The death toll from the historic blizzard across the United States climbed to 63 on Tuesday, as record snowfall blocked roads, hindering rescue operations, officials said.
Confirming seven additional fatalities in Buffalo, Mayor Byron Brown said on MSNBC’s “Morning Joe,” that the storm was “probably worse than anything that this city has seen in over 50 years.”
Despite a driving ban in force in parts of the Buffalo area, “we still are finding a lot of people out and about just hampering our efforts as first responders,” the city’s Public Works Commissioner Nathan Marton said Tuesday morning on NBC News Now, adding that the department was trying to clear at least one lane for emergency vehicles.
“We need people to continue to stay patient, stay off the roads today, and as soon as we can, we will lift the driving ban in the city of Buffalo,” said Brown.
The blinding snowstorm has particularly targeted Erie County, New York, which accounted for almost half the death toll at 33, including 27 in Buffalo.
Wind gusts of 20 to 30 mph could rapidly deteriorate visibility, the National Weather Service said in a 5:45 a.m. ET bulletin, adding that parts of storm-weary New York were experiencing snowfall of 1 to 2 inches per hour.
“The snow will accumulate so rapidly that it will be extremely difficult for the road crews to keep the roads clear,” the weather service said later in the morning.
A snow blanket has left roads impassable, Buffalo County Executive Mark Poloncarz said in a news conference Monday, adding that he hoped a driving ban that has been in place for days could be lifted soon for some suburbs.
But forecasters said in a 3:15 a.m. ET bulletin Tuesday that parts of western New York could record as much as 8 more inches of snow, with up to 5 inches in Buffalo. Since July 1, Buffalo has experienced at least a hundred inches of snow, making it the snowiest start to any season on record.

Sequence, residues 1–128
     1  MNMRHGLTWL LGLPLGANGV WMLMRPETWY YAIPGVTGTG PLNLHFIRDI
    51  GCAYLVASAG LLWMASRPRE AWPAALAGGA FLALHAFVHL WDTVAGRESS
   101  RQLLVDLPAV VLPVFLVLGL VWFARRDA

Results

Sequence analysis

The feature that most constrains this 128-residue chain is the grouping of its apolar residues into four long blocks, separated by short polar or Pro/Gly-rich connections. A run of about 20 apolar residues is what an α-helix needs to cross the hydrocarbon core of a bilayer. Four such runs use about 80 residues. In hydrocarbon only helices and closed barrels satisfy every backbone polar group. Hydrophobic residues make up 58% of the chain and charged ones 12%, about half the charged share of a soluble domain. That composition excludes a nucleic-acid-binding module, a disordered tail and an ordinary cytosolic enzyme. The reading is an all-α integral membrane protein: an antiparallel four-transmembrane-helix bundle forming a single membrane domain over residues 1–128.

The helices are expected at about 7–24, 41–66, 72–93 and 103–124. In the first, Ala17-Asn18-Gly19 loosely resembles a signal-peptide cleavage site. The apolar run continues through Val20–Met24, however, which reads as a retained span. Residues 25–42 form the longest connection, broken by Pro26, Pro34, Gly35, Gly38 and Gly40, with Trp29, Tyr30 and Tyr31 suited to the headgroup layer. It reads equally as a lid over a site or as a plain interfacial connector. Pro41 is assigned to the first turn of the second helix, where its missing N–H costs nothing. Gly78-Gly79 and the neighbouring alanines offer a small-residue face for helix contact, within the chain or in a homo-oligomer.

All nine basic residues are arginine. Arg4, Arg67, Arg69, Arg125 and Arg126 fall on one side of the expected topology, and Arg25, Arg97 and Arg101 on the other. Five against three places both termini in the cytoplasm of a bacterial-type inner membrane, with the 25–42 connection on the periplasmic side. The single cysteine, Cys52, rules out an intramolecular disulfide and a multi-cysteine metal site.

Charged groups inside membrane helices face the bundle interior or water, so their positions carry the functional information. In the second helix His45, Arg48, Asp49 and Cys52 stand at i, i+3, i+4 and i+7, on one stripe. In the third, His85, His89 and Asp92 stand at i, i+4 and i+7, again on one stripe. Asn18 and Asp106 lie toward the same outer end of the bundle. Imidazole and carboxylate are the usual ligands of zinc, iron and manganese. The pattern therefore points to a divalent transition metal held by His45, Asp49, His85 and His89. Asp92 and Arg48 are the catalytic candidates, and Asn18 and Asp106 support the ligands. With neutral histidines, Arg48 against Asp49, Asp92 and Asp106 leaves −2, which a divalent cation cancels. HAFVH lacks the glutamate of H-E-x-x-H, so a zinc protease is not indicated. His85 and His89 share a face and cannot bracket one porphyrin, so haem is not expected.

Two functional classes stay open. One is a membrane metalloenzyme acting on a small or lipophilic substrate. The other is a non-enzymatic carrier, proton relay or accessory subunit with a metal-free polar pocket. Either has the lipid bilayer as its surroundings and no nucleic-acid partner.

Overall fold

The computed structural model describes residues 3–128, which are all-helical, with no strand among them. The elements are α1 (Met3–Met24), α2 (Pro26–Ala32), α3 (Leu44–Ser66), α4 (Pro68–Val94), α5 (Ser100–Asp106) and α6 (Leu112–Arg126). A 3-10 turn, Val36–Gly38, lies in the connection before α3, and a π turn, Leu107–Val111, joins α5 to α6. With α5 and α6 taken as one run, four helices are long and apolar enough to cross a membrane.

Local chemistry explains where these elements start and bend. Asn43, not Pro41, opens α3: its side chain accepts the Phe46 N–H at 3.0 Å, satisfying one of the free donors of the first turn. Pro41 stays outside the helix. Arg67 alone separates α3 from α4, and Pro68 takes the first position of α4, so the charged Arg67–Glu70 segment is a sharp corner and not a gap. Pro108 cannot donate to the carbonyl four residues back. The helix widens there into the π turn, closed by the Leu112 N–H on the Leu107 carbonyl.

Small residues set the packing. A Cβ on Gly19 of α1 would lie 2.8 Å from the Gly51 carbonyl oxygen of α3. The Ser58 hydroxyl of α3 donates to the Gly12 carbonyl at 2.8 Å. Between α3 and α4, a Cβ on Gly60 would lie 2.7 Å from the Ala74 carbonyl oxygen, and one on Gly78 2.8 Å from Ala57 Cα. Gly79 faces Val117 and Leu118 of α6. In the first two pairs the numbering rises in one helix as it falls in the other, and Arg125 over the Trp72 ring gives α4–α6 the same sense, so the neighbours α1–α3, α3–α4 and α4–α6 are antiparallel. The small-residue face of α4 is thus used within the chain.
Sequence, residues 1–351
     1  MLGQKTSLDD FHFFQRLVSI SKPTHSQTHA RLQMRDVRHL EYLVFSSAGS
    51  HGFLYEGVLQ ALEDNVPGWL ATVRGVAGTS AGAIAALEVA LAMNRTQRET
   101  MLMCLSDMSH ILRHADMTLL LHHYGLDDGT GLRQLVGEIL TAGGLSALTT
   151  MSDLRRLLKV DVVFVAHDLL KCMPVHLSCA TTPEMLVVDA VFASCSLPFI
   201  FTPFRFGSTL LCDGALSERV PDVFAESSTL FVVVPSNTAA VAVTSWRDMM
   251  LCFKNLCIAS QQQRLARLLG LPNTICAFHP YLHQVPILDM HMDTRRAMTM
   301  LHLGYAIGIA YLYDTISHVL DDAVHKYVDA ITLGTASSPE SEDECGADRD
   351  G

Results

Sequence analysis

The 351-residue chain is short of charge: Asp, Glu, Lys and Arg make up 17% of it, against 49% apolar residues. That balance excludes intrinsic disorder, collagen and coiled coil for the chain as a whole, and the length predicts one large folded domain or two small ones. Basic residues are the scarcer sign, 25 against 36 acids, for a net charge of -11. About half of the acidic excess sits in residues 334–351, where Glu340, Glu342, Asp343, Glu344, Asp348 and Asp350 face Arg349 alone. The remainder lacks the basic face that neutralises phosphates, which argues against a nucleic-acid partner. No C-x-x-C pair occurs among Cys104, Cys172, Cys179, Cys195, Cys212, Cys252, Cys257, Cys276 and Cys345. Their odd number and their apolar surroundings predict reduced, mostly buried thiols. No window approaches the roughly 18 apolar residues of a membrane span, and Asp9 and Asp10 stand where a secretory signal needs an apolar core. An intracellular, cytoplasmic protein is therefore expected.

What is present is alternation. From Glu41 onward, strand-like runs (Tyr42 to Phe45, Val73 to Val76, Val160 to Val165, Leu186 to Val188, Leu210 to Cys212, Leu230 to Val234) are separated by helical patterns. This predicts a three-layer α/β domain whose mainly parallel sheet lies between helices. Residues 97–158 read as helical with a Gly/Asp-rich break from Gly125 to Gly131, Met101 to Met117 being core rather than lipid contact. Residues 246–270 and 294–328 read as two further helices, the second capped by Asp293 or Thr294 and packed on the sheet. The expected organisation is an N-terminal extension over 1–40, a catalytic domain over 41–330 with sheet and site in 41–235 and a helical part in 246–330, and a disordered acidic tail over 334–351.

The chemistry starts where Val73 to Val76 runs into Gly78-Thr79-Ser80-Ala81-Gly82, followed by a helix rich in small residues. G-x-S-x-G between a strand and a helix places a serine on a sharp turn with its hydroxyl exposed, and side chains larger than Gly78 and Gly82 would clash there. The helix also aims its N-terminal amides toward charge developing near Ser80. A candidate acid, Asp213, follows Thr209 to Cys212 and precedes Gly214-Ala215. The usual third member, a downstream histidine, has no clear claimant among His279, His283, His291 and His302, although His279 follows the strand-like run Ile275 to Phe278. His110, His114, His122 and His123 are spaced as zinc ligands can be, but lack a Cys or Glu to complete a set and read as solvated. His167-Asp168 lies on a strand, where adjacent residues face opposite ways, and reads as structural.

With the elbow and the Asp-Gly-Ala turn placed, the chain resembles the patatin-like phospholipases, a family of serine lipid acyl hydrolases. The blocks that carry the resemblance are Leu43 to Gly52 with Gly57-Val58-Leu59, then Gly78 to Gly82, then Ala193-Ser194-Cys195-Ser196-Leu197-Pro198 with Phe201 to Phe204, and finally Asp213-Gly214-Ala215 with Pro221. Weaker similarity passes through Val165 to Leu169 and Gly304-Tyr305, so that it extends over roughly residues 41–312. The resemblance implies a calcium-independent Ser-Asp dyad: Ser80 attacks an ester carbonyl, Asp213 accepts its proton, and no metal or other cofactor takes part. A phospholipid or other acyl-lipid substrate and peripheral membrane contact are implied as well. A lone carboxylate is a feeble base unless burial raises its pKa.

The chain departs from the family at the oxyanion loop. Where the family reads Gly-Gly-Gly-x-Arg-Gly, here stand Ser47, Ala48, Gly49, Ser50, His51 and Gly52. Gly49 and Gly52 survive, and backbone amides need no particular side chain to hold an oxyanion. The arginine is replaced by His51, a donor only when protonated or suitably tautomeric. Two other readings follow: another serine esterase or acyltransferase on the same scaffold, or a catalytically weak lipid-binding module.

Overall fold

Lake effect snow occurs when cold air passes over the unfrozen and warmer lake water, transferring moisture and warmth to the lower parts of the atmosphere. The air then rises to form clouds, resulting in intense snow.
President Joe Biden on Monday approved an emergency declaration for New York.
Nationwide, temperatures plummeted and huge snow drifts have left cities in whiteouts resulting in power outages, cancellations of thousands of flights and residents trapped in their homes without food.
Around 4,000 homes remained without power in Buffalo, said Brown, adding that the number was down from over 20,000 as power was slowly being restored.
Stretching from the Great Lakes near Canada to the Rio Grande along the Mexican border, the storm had killed at least 63 people as of Tuesday morning, according to an NBC News tally. The deaths were recorded in 12 states: Colorado, Illinois, Kansas, Kentucky, Michigan, Missouri, Nebraska, New York, Ohio, Oklahoma, Tennessee and Wisconsin.
About 2,900 flights into and out of the U.S. had been canceled in the country on Tuesday as of 6 a.m. ET, according to the flight-tracking website FlightAware. More than 2,500 of those canceled flights were Southwest Airlines.
On Monday, the travel-heavy day after Christmas, Southwest had canceled 2,900 flights, amounting to 70% of its entire schedule, stranding furious passengers across airports.
In Jackson, Mississippi, broken pipes left thousands of residents without running water Monday as the city struggled to return pressure to its frail water system.
The storm was expected to gradually improve over the week, forecasters said.
“Lingering lake-effect snows downwind from Great Lakes will become less intense and fade on Tuesday,” the weather service said in its 2:59 a.m. ET bulletin Tuesday. Temperatures in the East and Midwest were also expected to moderate over the next few days, it added.